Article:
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Traditional Theatre

We introduce representative traditional theater in Japan as follows.


This highly stylized drama is characterized by mask-like makeup, gorgeous costumes and elaborate plots that feature sword-fighting, dancing, and acrobatics. Although the founder, Izumo-no-Okuni, was a woman, the present-day kabuki cast is all male--something you would never guess from the perfectly feminine gestures of the accomplished *onnagata.


Founded in the 14th century by Kan'ami and his son Zeami, Noh is a synthetic art incorporating drama, poetry, dance, music, textile design and woodcarving. The latter is used for creating the mysterious masks which take on so many expressions when worn by a skillful *shite, principal actor. The movements are extremely slow, but speed up as the play goes on, often culminating in a dance. *She has a face like a Noh mask.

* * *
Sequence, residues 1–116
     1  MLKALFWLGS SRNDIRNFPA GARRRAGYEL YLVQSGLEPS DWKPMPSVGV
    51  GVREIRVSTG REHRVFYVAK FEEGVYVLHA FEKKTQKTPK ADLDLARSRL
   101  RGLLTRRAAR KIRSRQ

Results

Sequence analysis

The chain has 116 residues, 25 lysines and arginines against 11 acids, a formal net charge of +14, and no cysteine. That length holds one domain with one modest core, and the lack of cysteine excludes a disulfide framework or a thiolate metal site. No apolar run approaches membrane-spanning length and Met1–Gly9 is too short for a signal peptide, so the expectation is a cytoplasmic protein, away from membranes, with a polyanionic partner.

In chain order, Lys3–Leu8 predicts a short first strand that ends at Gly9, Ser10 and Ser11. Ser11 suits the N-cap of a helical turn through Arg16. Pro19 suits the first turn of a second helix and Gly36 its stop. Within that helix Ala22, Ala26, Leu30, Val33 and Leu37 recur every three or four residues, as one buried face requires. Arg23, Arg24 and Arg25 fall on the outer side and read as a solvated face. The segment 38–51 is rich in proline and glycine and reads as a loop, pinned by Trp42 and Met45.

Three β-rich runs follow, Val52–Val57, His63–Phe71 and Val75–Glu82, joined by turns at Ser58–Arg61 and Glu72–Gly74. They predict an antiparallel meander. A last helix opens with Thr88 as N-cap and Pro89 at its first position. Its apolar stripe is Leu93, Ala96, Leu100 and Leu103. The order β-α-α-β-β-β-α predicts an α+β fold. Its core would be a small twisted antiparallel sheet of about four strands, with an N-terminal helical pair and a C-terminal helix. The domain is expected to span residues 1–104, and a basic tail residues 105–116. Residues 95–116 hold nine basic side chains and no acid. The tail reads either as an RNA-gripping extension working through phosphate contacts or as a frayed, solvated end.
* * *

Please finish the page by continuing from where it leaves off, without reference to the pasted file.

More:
In this puppet tradition, developed in the Edo period (1600-1868), each of the main puppets needs three people to work it: one for the head and right hand, one for the left hand, and another for the legs. The main puppeteer, who manipulates the head, wears nothing over his face, but the other two wear black clothes and head covers to appear invisible. A narrator is given the difficult job of reciting the lines of all the characters, young and old, male and female, to the accompaniment of the shamisen.

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